Jawbone, the buzzy but financially strapped maker of Up fitness bands and Jambox speakers, is close to receiving a major investment from BlackRock
, the world’s largest asset manager. According to sources, BlackRock is considering investing as much as $300 million.
The San Francisco company has raised more than $400 million during its 16-year, roller-coaster existence, but its financial position has become increasingly tenuous as it has missed production deadlines and fallen behind in the markets it helped create.
Re/Code recently said Google
is considering a “strategic investment” in Jawbone, but Fortune‘s sources say Google isn’t actively considering such a move.
Neither Jawbone nor BlackRock would confirm details of the transaction, which isn’t complete and could yet fall through. Jawbone also is talking to other financial institutions. But sources close to both parties confirm the two are in advanced talks for the investment, which would constitute an eleventh-hour lifeline for Jawbone.
The company’s signature product, the Up3 fitness-tracker bracelet that includes a heart-rate monitor, has been delayed for months. Last year, Jawbone also settled a breach-of-contract lawsuit with Flextronics
, its previous contract manufacturer, which had sued to recover $20 million in delinquent payments. According to sources, Jawbone has since defaulted on a payment plan set up to satisfy the debt, which last stood at $16 million. Jawbone denied it is in arrears on its payments to Flextronics, which didn’t comment on the matter.
As it tries to raise funding to shore up its finances, Jawbone also is making changes to its star-studded board of directors. Former CEO and co-founder Alexander Asseily will relinquish his position as chairman. It isn’t clear who will replace him, but candidates would include Jawbone’s investors and current directors—including venture capitalists Ben Horowitz, Vinod Khosla, and Mary Meeker—all of whom have been actively advising Jawbone during its hour of need.
Jawbone is a unique company in the lore of recent Silicon Valley history. (See “The trials of a 16-year-old can’t-miss startup” from the February 2015 issue of Fortune.) It grew out of research conducted in noise-canceling technology at Stanford University in the late 1990s and struggled as a small outfit until 2007, when its Aliph wireless headset took off. The company’s co-founder, Hosain Rahman, by that time had become CEO and teamed up with designer Yves Béhar, who has continued to work as a part-time executive for the company. Jawbone’s wireless speaker, the Jambox, created a new category in consumer electronics, but failed to maintain a leading market share. Similarly, Jawbone helped popularize the “wearables” market but has ceded the leading position to crosstown rival Fitbit.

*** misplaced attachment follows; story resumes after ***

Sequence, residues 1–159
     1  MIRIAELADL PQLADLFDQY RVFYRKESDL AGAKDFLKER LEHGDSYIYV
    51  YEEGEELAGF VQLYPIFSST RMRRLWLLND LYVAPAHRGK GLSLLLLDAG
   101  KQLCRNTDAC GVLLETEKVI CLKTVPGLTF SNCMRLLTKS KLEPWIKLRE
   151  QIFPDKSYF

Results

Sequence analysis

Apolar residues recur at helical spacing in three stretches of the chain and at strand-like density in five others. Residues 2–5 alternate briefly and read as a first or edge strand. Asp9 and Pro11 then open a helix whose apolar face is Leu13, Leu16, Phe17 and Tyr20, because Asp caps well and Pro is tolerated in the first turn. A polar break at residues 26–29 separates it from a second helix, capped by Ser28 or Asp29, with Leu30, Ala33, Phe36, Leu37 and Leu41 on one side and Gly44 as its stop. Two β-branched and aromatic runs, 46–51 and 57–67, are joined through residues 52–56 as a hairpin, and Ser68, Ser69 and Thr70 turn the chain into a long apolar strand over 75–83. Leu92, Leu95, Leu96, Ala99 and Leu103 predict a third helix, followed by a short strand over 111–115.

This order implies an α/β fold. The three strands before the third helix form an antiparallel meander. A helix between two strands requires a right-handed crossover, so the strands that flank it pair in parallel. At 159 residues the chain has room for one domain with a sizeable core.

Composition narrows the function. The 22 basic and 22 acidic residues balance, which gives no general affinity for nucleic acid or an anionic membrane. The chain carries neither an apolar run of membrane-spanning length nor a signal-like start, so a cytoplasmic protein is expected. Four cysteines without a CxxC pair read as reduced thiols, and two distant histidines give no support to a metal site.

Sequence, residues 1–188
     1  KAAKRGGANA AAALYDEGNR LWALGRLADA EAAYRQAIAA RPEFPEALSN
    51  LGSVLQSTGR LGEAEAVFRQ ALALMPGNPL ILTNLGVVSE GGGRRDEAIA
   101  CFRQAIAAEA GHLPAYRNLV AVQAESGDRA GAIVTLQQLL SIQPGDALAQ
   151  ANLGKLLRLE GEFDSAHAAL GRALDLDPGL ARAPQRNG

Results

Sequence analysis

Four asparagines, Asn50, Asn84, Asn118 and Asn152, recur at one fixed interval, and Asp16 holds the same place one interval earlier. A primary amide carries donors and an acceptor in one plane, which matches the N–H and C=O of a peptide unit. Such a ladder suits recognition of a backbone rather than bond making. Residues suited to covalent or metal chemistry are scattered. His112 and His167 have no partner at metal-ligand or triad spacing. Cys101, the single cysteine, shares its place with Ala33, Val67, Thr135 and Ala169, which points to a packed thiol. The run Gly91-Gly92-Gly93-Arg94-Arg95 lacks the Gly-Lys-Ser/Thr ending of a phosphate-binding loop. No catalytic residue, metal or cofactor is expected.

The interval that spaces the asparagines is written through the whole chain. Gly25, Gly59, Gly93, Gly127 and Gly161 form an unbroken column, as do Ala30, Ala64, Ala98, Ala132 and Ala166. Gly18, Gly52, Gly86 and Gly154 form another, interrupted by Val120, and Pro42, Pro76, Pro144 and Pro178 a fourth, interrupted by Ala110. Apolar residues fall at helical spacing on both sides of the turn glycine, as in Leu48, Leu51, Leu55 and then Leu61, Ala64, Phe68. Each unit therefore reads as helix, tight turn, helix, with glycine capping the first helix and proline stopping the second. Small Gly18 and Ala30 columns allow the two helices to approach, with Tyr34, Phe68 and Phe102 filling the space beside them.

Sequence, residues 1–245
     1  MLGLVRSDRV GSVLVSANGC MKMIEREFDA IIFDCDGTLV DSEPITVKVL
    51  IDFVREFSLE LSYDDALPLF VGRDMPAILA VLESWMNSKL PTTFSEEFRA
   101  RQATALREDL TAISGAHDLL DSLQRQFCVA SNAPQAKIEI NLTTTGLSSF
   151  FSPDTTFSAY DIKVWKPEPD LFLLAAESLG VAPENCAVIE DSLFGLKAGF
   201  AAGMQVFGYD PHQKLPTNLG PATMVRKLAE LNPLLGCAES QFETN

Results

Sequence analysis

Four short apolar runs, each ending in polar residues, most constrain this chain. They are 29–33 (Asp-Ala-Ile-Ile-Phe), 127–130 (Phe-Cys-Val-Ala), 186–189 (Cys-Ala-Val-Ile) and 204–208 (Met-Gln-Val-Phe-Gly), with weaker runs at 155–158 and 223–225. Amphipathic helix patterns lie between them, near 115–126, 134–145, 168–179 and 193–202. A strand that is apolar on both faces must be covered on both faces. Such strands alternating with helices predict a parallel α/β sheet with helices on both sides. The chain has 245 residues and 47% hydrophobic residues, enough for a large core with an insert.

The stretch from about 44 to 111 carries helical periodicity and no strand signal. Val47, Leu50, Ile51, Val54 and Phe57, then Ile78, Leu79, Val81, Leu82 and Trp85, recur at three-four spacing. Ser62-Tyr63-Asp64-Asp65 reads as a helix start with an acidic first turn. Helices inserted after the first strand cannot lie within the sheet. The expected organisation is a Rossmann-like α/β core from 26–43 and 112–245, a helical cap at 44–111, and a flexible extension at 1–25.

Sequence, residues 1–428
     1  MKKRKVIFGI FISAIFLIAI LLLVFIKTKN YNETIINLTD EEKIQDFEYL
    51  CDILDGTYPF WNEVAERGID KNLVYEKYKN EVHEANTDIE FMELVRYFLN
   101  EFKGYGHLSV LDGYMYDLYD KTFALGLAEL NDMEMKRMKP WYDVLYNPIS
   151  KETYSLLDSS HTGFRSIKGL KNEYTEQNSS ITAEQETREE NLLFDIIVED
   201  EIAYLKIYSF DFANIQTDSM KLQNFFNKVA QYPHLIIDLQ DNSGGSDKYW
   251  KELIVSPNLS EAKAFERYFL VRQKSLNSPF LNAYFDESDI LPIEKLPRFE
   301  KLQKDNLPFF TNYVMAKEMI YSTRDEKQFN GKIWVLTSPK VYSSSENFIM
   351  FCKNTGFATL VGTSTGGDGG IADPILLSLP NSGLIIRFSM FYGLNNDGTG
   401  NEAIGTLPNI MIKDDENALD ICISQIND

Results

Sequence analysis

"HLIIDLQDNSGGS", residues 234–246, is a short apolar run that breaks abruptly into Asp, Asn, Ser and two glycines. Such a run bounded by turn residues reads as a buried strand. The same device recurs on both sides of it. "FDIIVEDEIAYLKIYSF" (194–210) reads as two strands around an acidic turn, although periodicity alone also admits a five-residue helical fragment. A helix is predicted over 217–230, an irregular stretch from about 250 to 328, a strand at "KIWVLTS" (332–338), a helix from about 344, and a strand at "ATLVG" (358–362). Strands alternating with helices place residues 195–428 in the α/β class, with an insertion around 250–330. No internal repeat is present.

Jawbone has had trouble raising money for the past year, coinciding with its challenges to release its latest product. On Nov. 5 last year the company began taking pre-orders for the Up3, saying the product would be available “by the end of the year.” On Dec. 11, Rahman told Andrew Ross Sorkin of The New York Times in an onstage interview that the fitness tracker would ship “soon.” Instead, a week later, Jawbone announced the Up3 would be available “early next year” and that customers who pre-ordered would receive a $40 discount on the $180 device. The company’s website currently says new orders will take 10 to 11 weeks to fulfill, pegging the device’s arrival well after the release of the much-anticipated Apple Watch. Apple
has said it plans to ship the product in April, and on Thursday it announced that it will hold an event March 9, presumably to unveil the watch.
A source close to Jawbone suggests the company is days away from announcing a more specific timeline for releasing the Up3. It likely is waiting to secure the funding, which would be critical to financing the manufacturing and shipping of its product. Rumors have persisted for months that Jawbone has had trouble paying its bills. A rumor even went around the company’s San Francisco headquarters that there was no milk in its kitchens because the company hadn’t paid its dairy vendor. As with the other more substantive information under discussion, a Jawbone spokesman declined to comment.